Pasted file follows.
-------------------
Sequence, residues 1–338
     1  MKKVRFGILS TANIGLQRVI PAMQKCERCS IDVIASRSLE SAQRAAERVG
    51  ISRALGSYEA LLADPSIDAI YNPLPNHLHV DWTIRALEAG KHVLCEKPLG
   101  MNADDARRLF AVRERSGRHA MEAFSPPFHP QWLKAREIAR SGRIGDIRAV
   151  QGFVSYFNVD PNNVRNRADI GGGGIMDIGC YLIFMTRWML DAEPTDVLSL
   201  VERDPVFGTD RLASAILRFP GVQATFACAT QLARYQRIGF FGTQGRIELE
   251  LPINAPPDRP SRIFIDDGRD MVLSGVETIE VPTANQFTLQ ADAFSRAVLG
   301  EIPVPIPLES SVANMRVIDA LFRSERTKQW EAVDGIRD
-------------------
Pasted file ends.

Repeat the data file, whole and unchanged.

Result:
Sequence, residues 1–338
     1  MKKVRFGILS TANIGLQRVI PAMQKCERCS IDVIASRSLE SAQRAAERVG
    51  ISRALGSYEA LLADPSIDAI YNPLPNHLHV DWTIRALEAG KHVLCEKPLG
   101  MNADDARRLF AVRERSGRHA MEAFSPPFHP QWLKAREIAR SGRIGDIRAV
   151  QGFVSYFNVD PNNVRNRADI GGGGIMDIGC YLIFMTRWML DAEPTDVLSL
   201  VERDPVFGTD RLASAILRFP GVQATFACAT QLARYQRIGF FGTQGRIELE
   251  LPINAPPDRP SRIFIDDGRD MVLSGVETIE VPTANQFTLQ ADAFSRAVLG
   301  EIPVPIPLES SVANMRVIDA LFRSERTKQW EAVDGIRD